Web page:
What was it about Monday night?
Bad customer service was all the rage in two places--at a bar / restaurant in Santa Monica and miles away on a bus that happened to be making its way to Santa Monica.
Was it the moon?
Was it bad Santa Monica karma?
None of the above.
But it could have been the food. . . .
The only thing worse than one is two. Two women dining, that is. Or so I’ve been told by my friend Laura, who’s paid her dues with, “Hi, I’m Laura and I’ll be your server this evening.”
Maybe that’s why, let’s call him, Jack the Bartender got sorta bent out of shape Monday night when he saw me threading my way painfully through the throng waiting at the bar for a chance at a table at a busy Santa Monica restaurant.
Maybe ol’ Jack subscribes to the old adage that all women, across the board, are notoriously horrendous tippers and that’s why he chose to ignore me as he high-fived a couple of bar backs and chatted and snickered on the phone with Buddy.
He was on the phone long enough for me to make the acquaintance of two guys who I’m sure were the models for Steve Martin and Dan Aykroyd’s two wild and crazy guys.
“Hey, are you alone? You’re not waiting for five friends, are ya?”
I looked at them as blankly as Naomi Campbell in those Ralph Lauren ads. Not only am I pre-verbal, the look says, but I don’t quite know how to feed myself either.
But I digress.
Finally, I flag Jack down. Whew, he’s busy doing something with his back to Steve, Dan and me. His head is down. Maybe he’s napping?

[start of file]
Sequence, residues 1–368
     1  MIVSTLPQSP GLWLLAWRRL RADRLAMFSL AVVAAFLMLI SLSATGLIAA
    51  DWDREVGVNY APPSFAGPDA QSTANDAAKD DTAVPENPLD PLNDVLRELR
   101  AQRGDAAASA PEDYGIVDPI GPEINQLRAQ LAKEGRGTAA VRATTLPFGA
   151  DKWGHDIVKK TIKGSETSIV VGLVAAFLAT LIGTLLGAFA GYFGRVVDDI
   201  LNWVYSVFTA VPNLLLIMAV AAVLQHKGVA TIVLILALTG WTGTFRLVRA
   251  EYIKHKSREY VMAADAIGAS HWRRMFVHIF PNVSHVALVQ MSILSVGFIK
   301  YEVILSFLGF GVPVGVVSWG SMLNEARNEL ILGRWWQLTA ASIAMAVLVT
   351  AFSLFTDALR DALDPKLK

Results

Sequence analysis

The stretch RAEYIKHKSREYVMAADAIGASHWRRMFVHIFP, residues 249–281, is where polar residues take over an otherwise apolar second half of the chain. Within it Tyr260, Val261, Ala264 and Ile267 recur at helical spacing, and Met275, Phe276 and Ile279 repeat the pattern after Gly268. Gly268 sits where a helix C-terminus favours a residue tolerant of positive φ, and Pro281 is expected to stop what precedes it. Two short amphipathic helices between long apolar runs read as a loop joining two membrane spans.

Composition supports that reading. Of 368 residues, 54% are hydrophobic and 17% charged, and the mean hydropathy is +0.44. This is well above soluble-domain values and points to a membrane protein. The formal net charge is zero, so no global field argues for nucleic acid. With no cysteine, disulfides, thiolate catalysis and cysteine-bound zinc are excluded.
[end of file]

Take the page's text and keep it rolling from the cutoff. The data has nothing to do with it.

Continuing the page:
I order a simple drink. He looks like I’ve asked for some antique libation out of Hemingway, a Jack Rose or some ‘60s retro highball like a Harvey Wallbanger. He shuffles off to figure out how to pour the pre-mixed margarita into the glass over some ice, while I motion to Dan and Steve over there to pass some cocktail napkins so I can do Jack’s job and wipe up appetizer crud and drink rings.
When my friend finally arrives, I tell her we’re sunk. It doesn’t take long before she’s bellowing for Jack’s attention.
Ah, but, y’know, you gotta understand--he’s busy snapping his bar towel at one of his fellow bartenders, chatting with the pretty hostess, who vaguely looks like someone I’ve seen on TV but then again, I’m west of La Brea and everything looks different here.
My stomach is growling so loudly at this point that Steve and Dan decide: If this is the best we can do, let’s high-tail it. Better action has to be awaiting somewhere. My friend points these swingers in the direction of Marina del Rey.
Since she’s the only one among us who still has energy, I let her have at it. She asks for the menu. I’m feeling a little woozy, what with the 20 chips Jack so kindly parceled out for us.
Once again my friend lets loose with her foghorn voice, but Jack is fixing his hair in the reflection of the cappuccino maker now. He is pretty engrossed, granted, but he does nod and repeat the word menu--ever so carefully, so we figure it’s registered.
Another 20 minutes go by.
My friend climbs off the stool and swipes two menus from the host stand. She screams our order over the shouts of another customer--the guy with the dreadlocks--who’s figured out how things work around here. A quick study. I like him.
My friend and I order a salad to start. Then a big piece of meat.
We don’t get any water. I guess we’re still in a drought.
A fortnight later, a busboy, with the first smile we’ve seen all evening, brings the salad and the main course at the same time.
His advice, in Portuguese-tinged English: “Don’t fight over it.”
I’m thinking, he’s a tad too late with that tip.
And so are we with ours.
Upon hearing the tale, restaurant management apologized profusely. “We definitely make mistakes, and no one, no matter how busy we get, should sit languishing. Our policy is to apologize and send gift certificates for dinner for two.”